Productivity in motion: The role of job switching

by Jack Buckley

Australia’s productivity slowdown over recent decades has coincided with a decline in job switching. International research suggests that the two may be connected, but direct Australian evidence is scarce.

New research by the e61 Institute sheds light on the possible contribution of job switching to productivity growth in Australia, finding:

  • Workers who switch jobs move to firms that are (on average) 13.1% more productive than the firms they leave. This differential is even more pronounced for young workers.
  • But the average productivity gap between ‘origin’ and ‘destination’ firms has more than halved since the mid-2000s, which could suggest a decline in productivity enhancing reallocation.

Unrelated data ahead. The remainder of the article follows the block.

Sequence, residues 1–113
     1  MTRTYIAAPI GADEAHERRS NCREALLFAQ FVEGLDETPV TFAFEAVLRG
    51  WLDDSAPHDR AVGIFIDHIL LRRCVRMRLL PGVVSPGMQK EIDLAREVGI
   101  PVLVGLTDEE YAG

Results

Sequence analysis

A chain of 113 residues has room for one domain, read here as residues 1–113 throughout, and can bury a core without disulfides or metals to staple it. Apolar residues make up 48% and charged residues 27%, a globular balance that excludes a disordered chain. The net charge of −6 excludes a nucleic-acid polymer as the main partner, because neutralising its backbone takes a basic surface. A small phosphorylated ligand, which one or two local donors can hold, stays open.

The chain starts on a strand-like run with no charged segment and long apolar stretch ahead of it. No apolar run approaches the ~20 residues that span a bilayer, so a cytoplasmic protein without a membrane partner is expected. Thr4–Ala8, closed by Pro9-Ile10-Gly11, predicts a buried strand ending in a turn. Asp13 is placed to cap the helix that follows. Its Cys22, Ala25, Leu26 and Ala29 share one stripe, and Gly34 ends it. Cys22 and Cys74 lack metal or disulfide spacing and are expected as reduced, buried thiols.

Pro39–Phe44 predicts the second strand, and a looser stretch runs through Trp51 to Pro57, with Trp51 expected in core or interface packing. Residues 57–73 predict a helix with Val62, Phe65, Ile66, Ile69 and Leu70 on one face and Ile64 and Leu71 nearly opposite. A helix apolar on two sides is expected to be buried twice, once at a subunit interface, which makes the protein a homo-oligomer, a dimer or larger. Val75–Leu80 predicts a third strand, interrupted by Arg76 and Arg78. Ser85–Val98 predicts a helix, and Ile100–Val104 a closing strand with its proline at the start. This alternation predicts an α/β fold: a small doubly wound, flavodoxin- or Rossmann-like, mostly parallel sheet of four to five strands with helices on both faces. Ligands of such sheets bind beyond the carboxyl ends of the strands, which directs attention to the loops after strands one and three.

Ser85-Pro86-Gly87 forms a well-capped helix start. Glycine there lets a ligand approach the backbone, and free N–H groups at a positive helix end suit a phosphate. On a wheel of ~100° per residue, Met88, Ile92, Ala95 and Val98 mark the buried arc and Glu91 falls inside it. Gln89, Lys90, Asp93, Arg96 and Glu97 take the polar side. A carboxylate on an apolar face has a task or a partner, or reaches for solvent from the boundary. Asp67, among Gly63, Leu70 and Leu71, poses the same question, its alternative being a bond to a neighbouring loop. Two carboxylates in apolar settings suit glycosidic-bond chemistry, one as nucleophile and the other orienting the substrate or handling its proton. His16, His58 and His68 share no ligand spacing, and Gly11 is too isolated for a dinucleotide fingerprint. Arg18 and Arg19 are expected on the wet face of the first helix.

These findings have implications for policy, including:

  1. Declining labour mobility may have contributed to Australia’s productivity slowdown.
  2. Lowering barriers to job switching could help boost productivity. Examples of policies that could help achieve this include:
    • limiting the use of non-competes
    • reforming occupational licensing
    • replacing stamp duty with a land tax.